It’s unlikely that too many of the British and other European enlisted/conscripted troops sent to Crete in 1897 had much idea about who they would be involved with on their arrival on the island. However, British and European civilians, and presumably some of the Officers, were being ‘informed’ about the parties involved in the fighting on Crete – albeit the information given often had to do more with the fanciful thinking of the journalists and illustrators rather than what was actually happening.
(It may safely be assumed that the illustrator of the above had never been to Canea, the city isn’t in the middle of impossibly tall mountains, furthermore, turbans were banned throughout the Ottoman Empire in 1829. )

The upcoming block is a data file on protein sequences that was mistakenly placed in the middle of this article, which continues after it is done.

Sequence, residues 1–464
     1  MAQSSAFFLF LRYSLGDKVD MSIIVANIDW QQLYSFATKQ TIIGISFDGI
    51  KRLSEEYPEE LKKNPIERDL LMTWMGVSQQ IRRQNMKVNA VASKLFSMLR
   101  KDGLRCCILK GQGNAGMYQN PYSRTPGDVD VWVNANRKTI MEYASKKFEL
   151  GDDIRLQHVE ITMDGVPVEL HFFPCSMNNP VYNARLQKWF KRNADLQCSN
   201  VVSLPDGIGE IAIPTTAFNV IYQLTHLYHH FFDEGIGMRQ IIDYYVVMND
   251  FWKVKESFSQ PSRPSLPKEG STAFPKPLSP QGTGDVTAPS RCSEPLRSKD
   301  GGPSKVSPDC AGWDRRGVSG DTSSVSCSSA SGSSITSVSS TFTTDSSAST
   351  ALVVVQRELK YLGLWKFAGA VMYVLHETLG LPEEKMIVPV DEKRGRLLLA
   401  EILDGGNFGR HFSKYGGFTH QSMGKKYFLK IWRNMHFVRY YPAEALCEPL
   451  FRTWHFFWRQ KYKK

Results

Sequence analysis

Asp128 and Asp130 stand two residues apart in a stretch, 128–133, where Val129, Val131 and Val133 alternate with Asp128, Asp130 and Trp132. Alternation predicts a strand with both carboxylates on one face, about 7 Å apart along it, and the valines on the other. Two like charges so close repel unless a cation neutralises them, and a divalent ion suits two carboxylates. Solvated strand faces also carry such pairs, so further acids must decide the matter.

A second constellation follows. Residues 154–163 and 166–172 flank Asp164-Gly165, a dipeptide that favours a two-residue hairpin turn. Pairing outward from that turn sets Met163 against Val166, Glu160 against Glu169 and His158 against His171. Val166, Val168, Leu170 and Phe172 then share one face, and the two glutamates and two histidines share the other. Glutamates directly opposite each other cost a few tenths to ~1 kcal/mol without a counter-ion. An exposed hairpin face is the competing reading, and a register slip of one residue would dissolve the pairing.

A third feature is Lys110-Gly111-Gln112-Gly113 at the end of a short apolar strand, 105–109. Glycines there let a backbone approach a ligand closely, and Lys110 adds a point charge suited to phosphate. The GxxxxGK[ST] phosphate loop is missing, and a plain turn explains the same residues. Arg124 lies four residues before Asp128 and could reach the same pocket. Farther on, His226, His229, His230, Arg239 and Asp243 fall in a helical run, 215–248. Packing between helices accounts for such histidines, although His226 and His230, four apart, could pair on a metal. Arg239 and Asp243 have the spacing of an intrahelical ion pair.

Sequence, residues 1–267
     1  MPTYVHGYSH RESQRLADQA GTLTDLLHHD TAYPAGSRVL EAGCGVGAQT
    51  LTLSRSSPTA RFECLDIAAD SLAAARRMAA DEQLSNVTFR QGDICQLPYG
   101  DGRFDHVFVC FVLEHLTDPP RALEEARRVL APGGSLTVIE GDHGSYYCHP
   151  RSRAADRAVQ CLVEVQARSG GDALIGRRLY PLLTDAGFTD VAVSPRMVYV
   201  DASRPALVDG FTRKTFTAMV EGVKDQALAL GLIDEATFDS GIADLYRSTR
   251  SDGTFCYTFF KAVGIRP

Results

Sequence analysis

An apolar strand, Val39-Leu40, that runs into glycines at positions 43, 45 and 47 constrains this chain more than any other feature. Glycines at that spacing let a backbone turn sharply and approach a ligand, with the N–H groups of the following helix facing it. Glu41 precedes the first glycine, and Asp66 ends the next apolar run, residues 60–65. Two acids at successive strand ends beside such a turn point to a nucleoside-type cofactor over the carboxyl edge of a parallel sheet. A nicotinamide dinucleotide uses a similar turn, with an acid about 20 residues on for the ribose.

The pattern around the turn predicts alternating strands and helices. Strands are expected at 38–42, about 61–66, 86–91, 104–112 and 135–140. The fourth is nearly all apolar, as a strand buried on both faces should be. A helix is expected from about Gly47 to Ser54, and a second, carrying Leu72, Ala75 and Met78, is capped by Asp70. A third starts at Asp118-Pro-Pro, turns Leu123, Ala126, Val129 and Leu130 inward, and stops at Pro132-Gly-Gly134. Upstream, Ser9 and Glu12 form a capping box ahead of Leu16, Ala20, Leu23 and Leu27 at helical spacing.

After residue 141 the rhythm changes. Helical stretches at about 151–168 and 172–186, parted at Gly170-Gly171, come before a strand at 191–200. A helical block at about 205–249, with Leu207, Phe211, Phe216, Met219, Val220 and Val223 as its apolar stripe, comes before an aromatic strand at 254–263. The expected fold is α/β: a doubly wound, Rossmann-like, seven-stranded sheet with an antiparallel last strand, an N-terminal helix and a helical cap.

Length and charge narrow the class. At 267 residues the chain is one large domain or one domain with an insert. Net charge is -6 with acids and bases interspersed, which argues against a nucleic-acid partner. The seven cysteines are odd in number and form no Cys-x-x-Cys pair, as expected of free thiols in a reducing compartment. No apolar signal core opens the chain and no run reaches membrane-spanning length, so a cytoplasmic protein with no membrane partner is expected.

The illustrator above was clearly using his imagination when it came to the armament carried by the Christians.
The above group could have been some of those described by Capt. Egerton 1/Seaforths:
“……I took out about 25 men, and we marched through Halepa to the extreme Turkish outpost below Akreterion. The Insurgents showed much interest in our movements, and we were all very anxious that they should send a shot or two at us when I should have smacked in two volleys at them for firing on the British Flag, which we carried in front of us.
But though we trailed our coats all along the front of our position they were too wise to let off their “bundooks[?]”. We had to put in 4 hours out of door somehow, so we loafed about under the olive groves, passing the time of day to Turkish Officers on the outpost, and generally had rather a good time of it.”
The uniformed soldiers on the right hand side appear to be Russians, possibly indicating that the photograph was taken in the Rethymnon area; the Russian Secteur of the island.
The legend on the flag reads: Enosis H Thanatos – Union (with Greece) or Death.